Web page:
Credit bureaus act as information brokers for consumer credit history. They are normally presented as agencies that sell their services to banks, mortgage lenders, credit card companies, retailers, and other businesses that grant credit.

The Agencies

There are three major national credit bureaus in the United States: Equifax, Experian, and TransUnion. Though they are different and each one reports in a different way, all three obtain and sell information in similar ways.

On the surface, the financial arrangement between lenders and credit bureaus does not make much sense: Credit granters provide consumer credit information to bureaus for free, then they pay to have credit information sent back to them. The credit bureaus are able to collect, aggregate, synthesize, and analyze the enormous quantity of information sent to them.

How They Make Money

Credit bureaus sell four data products: credit services, decision analytics, marketing, and consumer assistance services. Sentiment around these companies is not always high, as many believe the credit reporting bureaus have too much sway over the long-term decisions in the creditor's life. This means that the companies make money in ways that are not so obvious.

Credit Services: Credit services are what most people think of when it comes to credit bureaus. The credit bureau receives a request from a lender for a consumer credit report, which the bureau sells to the lender. Another way they make money through this method is by selling additional reports to consumers who either lose their report or want a second one per 365-day cycle.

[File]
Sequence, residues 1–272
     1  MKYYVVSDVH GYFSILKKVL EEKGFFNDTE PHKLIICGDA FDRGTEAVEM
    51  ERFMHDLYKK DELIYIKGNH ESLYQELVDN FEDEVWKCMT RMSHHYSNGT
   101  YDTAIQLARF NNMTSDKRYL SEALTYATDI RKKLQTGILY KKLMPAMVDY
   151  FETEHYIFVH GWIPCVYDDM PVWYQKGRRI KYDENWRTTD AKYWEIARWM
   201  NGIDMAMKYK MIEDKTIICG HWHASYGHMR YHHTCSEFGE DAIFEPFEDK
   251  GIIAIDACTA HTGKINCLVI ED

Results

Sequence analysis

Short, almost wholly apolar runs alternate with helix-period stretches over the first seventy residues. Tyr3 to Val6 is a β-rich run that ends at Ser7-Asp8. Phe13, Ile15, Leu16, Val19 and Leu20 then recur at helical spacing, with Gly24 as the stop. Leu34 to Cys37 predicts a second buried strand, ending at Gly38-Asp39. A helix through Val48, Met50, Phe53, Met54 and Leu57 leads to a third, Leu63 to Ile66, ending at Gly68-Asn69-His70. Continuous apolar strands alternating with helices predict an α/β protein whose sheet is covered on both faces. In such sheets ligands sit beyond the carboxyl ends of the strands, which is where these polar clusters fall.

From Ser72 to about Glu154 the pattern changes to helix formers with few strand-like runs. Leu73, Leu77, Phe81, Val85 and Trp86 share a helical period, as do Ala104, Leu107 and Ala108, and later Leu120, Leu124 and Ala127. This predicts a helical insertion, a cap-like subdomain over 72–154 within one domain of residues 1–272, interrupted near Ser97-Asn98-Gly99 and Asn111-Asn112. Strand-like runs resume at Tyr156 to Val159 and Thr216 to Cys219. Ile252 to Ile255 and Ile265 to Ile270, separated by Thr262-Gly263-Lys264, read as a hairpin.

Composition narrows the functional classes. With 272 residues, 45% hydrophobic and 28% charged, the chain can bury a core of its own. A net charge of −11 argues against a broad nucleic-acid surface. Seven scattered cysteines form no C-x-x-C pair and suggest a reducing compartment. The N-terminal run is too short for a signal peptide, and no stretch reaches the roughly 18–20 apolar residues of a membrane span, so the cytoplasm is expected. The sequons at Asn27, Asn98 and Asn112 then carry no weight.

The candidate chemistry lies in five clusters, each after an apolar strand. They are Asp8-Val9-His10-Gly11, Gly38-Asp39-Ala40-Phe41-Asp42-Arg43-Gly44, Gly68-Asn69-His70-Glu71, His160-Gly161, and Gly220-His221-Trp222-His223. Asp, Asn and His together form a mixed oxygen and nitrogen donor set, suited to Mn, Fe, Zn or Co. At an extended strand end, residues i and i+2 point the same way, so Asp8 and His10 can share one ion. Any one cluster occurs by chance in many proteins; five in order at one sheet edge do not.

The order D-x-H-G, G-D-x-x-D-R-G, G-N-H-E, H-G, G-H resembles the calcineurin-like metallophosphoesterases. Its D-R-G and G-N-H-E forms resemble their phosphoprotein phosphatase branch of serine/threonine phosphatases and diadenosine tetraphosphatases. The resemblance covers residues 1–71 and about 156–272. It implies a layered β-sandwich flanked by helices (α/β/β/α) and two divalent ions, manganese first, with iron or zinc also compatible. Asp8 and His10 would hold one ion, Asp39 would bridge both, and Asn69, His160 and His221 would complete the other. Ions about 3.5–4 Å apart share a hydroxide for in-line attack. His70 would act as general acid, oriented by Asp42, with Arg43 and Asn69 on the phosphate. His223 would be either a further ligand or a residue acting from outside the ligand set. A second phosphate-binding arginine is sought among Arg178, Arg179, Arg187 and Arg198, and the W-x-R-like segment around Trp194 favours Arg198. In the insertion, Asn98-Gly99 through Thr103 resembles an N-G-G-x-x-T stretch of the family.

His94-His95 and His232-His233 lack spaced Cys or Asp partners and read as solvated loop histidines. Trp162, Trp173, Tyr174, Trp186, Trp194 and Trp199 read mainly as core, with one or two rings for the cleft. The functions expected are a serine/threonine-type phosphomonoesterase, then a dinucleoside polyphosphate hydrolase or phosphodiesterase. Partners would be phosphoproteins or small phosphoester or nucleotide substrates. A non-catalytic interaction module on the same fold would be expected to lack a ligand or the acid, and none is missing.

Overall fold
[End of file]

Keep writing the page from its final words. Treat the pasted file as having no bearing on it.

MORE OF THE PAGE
Decision Analytics: Credit bureaus do not just want to sell a history of borrower payments. Instead, the bureaus package detailed transaction history with analytics about the way an individual interacts with certain debt. Lenders pay more for these reports.

Marketing: While it is not a traditional form of marketing, lenders that offer pre-approved credit are paying a marketing fee to a credit bureau for a list of consumers who meet predetermined requirements. Links to other products online or even direct advertising income can benefit these agencies.

Consumer Services: Credit bureaus also interact directly with consumers, usually through credit monitoring, identity theft protection, and fraud prevention. These services have become increasingly popular as the risk of identity theft has grown, meaning the companies are able to assign multiple tasks per worker.

The Bottom Line

Although many individuals believe that credit bureaus are the de facto enemy since an individual's credit score has such a major impact on their life, credit bureaus are able to make money through means such as data marketing and direct-to-consumer services like identity protection and credit monitoring.